To increase access to testing, ANTHC mails free kits to detect sexually transmitted infections

A beige office building
The Alaska Native Tribal Health Consortium on June 30, 2021 (Lex Treinen/Alaska Public Media)

During the pandemic, the rate of sexually transmitted infections nationwide has increased, while the rate of testing for STIs has decreased, according to reports from the Centers for Disease Control and Prevention.

Stigma and lack of access can hold some Alaskans back from getting tested. That’s a problem, because Alaska has the nation’s highest rate of chlamydia and the second highest rate of gonorrhea, according to the CDC.

The Alaska Native Tribal Health Consortium wants to change that. It’s now sending free, at-home STI test kits by mail. Anyone with an Alaska mailing address, including a P.O. box, can order one. ANTHC is running the self-swab program in partnership with the Alaska Department of Health and Social Services and Johns Hopkins University.

The hope is that the at-home testing program makes it easier and more discreet for people to detect and treat their STIs, said Hannah Warren, an STI prevention manager at ANTHC.

Before the self-swab test initiative, the only way to get tested in a village in the Yukon-Kuskokwim Delta was through a local clinic by a community health aide. Another option was to fly to Bethel and test at the Yukon-Kuskokwim Health Corporation, the Bethel Family Clinic or another local doctor.

The odds of running into someone you know at the clinics in Bethel are fairly high. If you live in a small village, the odds of personally knowing your community health aide are even higher.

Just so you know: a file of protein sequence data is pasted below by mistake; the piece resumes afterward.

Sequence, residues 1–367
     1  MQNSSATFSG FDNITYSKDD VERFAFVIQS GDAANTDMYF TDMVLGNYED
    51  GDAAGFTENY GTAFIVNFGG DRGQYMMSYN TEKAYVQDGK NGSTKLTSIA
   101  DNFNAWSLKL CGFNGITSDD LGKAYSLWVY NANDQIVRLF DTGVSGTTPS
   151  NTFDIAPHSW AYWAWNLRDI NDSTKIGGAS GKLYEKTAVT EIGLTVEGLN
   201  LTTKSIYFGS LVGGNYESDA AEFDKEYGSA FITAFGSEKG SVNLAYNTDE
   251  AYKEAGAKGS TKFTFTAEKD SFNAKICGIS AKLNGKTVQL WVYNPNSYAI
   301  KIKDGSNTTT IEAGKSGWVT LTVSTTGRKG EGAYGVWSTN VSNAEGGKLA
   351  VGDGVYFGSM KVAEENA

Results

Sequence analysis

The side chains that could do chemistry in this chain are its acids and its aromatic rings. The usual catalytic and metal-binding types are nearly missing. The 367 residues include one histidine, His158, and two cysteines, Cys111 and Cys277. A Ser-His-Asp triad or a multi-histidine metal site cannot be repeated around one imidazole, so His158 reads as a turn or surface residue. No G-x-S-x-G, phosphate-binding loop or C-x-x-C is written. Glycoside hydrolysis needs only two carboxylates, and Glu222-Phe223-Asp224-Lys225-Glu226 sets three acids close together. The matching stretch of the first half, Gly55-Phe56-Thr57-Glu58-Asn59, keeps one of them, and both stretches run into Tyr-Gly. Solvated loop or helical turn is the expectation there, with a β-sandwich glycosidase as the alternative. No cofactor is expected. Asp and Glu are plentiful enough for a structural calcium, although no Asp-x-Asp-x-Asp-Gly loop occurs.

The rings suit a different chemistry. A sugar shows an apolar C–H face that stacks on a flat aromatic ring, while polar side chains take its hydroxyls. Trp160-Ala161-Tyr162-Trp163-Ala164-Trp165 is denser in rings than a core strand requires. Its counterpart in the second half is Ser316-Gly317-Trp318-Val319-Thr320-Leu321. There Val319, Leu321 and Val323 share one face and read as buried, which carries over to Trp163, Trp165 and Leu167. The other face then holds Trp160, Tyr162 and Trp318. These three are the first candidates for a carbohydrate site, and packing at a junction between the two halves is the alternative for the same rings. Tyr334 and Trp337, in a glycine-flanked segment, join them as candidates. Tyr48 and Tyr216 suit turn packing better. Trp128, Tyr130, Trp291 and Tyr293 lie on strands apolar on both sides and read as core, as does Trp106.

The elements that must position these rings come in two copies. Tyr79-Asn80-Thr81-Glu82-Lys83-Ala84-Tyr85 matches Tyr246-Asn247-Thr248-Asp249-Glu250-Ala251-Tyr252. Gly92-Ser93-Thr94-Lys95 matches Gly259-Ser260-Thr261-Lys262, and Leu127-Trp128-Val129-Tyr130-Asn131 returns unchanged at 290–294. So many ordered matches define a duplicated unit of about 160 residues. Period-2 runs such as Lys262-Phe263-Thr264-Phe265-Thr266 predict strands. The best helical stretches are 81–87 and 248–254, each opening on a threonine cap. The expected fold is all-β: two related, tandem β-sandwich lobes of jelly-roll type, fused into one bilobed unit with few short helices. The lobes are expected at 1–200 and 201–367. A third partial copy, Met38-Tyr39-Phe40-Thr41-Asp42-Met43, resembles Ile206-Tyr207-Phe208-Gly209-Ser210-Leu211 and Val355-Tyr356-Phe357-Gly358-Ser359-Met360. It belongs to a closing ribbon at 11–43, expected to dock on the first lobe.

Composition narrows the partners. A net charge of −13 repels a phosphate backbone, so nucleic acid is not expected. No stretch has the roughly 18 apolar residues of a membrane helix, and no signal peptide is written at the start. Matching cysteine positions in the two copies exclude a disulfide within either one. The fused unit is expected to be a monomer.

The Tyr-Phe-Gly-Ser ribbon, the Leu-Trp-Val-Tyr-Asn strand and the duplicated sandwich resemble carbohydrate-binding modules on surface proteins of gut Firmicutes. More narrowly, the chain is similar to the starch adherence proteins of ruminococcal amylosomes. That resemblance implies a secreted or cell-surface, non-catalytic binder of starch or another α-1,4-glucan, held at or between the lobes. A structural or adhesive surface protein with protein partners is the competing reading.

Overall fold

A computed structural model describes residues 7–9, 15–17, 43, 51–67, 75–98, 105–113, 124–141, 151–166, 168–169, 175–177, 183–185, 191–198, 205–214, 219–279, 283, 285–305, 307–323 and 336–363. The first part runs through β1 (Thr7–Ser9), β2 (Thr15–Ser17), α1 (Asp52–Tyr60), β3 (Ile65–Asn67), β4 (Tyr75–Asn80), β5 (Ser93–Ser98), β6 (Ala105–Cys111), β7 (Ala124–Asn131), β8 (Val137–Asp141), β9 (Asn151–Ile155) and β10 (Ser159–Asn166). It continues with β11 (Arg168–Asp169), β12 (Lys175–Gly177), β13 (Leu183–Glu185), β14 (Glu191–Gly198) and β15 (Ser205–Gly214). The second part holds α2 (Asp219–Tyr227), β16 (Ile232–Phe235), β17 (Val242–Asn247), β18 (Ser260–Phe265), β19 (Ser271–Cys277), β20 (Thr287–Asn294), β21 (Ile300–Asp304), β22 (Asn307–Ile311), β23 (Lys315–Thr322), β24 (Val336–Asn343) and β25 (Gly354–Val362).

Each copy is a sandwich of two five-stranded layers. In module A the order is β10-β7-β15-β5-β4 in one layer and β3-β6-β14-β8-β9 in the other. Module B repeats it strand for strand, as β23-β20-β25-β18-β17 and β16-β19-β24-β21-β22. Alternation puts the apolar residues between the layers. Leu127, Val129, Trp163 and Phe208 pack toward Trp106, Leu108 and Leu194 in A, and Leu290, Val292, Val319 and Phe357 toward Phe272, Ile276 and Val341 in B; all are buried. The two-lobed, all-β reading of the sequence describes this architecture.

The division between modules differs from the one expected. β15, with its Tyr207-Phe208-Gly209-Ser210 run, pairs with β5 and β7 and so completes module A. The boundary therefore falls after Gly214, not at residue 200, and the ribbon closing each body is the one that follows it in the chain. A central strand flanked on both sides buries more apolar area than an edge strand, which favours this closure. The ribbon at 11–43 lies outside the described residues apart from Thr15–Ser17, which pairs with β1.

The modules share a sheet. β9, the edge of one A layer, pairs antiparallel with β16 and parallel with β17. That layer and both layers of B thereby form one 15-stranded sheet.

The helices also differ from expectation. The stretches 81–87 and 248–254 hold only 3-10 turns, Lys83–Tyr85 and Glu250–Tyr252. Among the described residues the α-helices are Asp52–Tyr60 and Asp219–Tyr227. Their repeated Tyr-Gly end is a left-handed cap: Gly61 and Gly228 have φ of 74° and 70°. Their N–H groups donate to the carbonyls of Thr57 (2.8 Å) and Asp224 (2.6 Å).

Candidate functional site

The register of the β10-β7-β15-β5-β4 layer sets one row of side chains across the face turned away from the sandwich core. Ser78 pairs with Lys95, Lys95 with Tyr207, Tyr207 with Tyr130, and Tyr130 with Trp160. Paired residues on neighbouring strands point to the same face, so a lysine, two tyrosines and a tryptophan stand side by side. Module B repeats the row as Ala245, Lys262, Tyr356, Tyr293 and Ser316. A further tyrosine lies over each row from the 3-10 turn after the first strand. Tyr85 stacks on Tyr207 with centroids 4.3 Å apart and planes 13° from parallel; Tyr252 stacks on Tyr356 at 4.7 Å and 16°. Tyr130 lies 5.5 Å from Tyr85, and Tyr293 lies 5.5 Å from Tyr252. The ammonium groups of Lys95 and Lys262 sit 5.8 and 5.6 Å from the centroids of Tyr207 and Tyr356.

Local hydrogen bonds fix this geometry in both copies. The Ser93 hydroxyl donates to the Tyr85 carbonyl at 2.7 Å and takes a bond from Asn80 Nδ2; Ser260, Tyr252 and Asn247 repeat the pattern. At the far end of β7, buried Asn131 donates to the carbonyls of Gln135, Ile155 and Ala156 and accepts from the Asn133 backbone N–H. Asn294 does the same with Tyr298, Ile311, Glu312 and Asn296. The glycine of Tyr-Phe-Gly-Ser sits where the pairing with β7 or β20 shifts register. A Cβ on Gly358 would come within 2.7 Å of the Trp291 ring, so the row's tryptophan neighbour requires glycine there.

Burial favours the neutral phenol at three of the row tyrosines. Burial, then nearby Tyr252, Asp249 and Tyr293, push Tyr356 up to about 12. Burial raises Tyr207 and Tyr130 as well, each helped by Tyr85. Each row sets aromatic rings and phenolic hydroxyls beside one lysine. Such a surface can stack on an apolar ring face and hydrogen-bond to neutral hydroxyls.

“It might be nerve-wracking to go to somebody you know who’s a local health aide or local nurse — maybe they’re your cousin, your auntie, your uncle, maybe your mom, your dad, sister, brother, uncle, or even grandma — and to ask them for an HIV or STI test,” said Warren.

Although the CDC estimates that one in five Americans has a sexually transmitted disease, Warren said that STIs unfortunately still come with some stigma attached.

“So when you’re asking for HIV or STI tests, you’re thinking about not just the implications of being at risk for HIV or STI, but then you’re also thinking about the relationships that you have in your community and how it might impact the way that you interact with others in your community,” said Warren.

The self-swab kit can detect gonorrhea, chlamydia and trichomoniasis, all of which are curable, said Warren.

Warren said if an Alaskan’s test results are positive, ANTHC will connect them with a health care professional who can walk them through treatment options.

There is also a separate free test for HIV. Those results show up on the test in about 20 minutes.

Warren said that sexually active people over the age of 13 should test about once every three months. You can order your free STI test online at www.iwantthekit.org and an HIV test at iknowmine.org.

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